What it Means to be Free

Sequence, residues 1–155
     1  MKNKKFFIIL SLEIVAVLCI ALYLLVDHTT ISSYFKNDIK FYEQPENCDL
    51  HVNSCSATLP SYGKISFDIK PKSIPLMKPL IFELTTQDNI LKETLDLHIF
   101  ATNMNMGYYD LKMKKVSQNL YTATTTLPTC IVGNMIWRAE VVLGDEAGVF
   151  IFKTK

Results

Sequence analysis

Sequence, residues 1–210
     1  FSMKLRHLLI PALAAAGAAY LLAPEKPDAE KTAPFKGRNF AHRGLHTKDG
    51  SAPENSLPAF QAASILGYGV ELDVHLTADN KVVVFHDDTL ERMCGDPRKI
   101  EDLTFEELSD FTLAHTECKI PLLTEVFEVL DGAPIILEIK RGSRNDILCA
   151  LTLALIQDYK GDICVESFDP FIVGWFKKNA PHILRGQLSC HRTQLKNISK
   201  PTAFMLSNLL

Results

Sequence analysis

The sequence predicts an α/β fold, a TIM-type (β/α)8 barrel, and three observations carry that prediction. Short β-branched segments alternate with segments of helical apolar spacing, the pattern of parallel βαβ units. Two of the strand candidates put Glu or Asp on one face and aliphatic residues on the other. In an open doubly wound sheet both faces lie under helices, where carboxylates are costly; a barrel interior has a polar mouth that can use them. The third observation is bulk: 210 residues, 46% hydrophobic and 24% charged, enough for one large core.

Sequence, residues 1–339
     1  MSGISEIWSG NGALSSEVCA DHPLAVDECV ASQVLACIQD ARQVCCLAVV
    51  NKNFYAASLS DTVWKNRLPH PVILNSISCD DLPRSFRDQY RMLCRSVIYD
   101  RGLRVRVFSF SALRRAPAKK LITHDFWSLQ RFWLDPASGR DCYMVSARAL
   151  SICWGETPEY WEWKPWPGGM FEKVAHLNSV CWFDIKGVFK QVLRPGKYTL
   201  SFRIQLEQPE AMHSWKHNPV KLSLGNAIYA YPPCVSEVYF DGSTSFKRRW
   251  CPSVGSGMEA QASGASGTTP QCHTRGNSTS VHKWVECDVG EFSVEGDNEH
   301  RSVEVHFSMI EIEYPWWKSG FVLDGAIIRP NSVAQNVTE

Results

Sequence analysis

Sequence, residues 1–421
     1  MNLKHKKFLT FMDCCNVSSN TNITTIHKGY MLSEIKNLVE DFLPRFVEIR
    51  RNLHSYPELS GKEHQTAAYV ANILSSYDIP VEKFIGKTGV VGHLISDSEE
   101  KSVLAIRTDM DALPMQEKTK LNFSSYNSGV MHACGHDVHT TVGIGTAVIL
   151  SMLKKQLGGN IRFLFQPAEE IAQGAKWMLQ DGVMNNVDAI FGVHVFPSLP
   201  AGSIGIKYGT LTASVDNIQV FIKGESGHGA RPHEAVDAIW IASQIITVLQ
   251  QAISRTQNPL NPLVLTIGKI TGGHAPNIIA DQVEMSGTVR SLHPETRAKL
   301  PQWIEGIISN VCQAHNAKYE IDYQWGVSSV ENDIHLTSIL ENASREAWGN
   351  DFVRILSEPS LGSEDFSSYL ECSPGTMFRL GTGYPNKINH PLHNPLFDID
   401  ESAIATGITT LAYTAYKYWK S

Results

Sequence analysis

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ST. LOUIS, May 29 /PRNewswire-USNewswire/ -- The following was written by Benjamin Ola. Akande, Dean, School of Business and Technology, Webster University: Twenty years ago, I was a graduate student at the University of Oklahoma. Like most graduate students, I spent my free time engaged in intellectual discourse about the economy and political events around the world while enjoying jazz, which served as the soothing background music. These discussions awakened many of us from our prolonged political stupor. But 1989, in particular, was a year filled with life-changing events that altered my perception of the meaning and significance of freedom -- 1989 was a turning point in my life. Just in case you spent 1989 in exile or you were on vacation on some deserted island in the middle of nowhere and missed it all (or better yet, were not born), allow me to re-live what turned out to be a year of life-changing events for myself and so many people the world over. This was a year best characterized as an historical oasis, a period of domestic and international political revolutions. Soviet leader Mikhail Gorbachev's policies of glasnost and perestroika were transforming the Soviet Union. Poland, one of the great bastions of communism, was in the midst of the re-affirmation of political changes. The Polish solidarity movement defeated the communists in the first free parliamentary elections in more than 40 years. Middle-Eastern neighbors Iran and Iraq, after a decade of war, finally stopped fighting each other. Ayatollah Khomeini of Iran, an enigma to many in the West and revered by millions of followers worldwide, made his last pit stop in 1989. This part-time Shiite Iman/part-time roving terrorist and ascetic whose teachings and pronouncements were never questioned by his followers, died, like all mortals. On the home front in America, 1989 was an action-packed season that brought political cleansing, a landmark judicial ruling and the downfall of a bonafide American hero. The United States Supreme Court ruled that flag burning was protected by the U.S. Constitution. The majority ruling concluded that flag burning was a viable expression of freedom of speech. The U.S. House of Representatives concluded that Wright was wrong. The powerful Speaker of the House, Jim Wright, was forced to resign after an investigation by the House Ethics Committee found numerous violations of House rules that stemmed from an autobiography on the Texas lawmaker. In the words of Horace Greeley, as quoted by Jim Wright in his farewell speech as speaker, "Fame is a vapor, popularity an accident, riches take wings, those who cheer you today may curse you tomorrow, only one thing endures ... character." And 1989 claimed the career of a great American sports hero. The Pete Rose saga reminded us that not all that glistens is gold. The question many Americans were asking was: For Pete's sake, why would he gamble on baseball games when he knew that this was a clear violation of Major League rules? Pete bet his life, and then he was banned for life. My most profound memory of 1989 occurred on a square in the most populous nation in the world, China. It started as a peaceful demonstration, a struggle for democracy by two million students. Their symbol was a huge garish version of the Statue of Liberty, all done up in white Styrofoam, uniquely named the Goddess of Democracy. It ended with armored personnel carriers and breached human barricades; the People's Army opened fire, hundreds lay dead ... democracy on hold. The Chinese students sought to sweep away the cobwebs of a disreputable past and build a new and proud legacy for the future. This was not to be. The Chinese government's decision to decimate its youth jeopardized a decade of reform and squandered a global fund of goodwill. This unsuccessful student revolution transformed the way I look at life, the way I live and what I am willing to die for. I was profoundly affected by such callous disregard for human beings. Fast forward 20 years. Memories of the student massacre are fading. Life across the world has changed in many ways. Economic growth and trade have replaced human rights as the measures of a nation's worth. Constructive engagement is the order of the day. The China of the 21st century is an economic powerhouse, and its political intolerance and moral abomination are overshadowed by its economic prosperity. An old Chinese proverb gives me solace and provides an avenue for hope: "The effects of our actions may be postponed, but they are never lost." I would like to believe that the hundreds of Chinese students did not die in vain. It may be 20 or more years from now, but there will be another celebration in Tiananmen Square - it will be the celebration of China's decision to empower its people with democracy. At that time, we shall look back and truly grasp the significance of 1989. Benjamin Ola. Akande, Dean School of Business and Technology Webster University, St. Louis SOURCE Webster University -- Saint Louis Campus Susan Kerth of Webster University -- Saint Louis Campus, +1-314-246-8232, +1-314-220-9130 (cell), firstname.lastname@example.org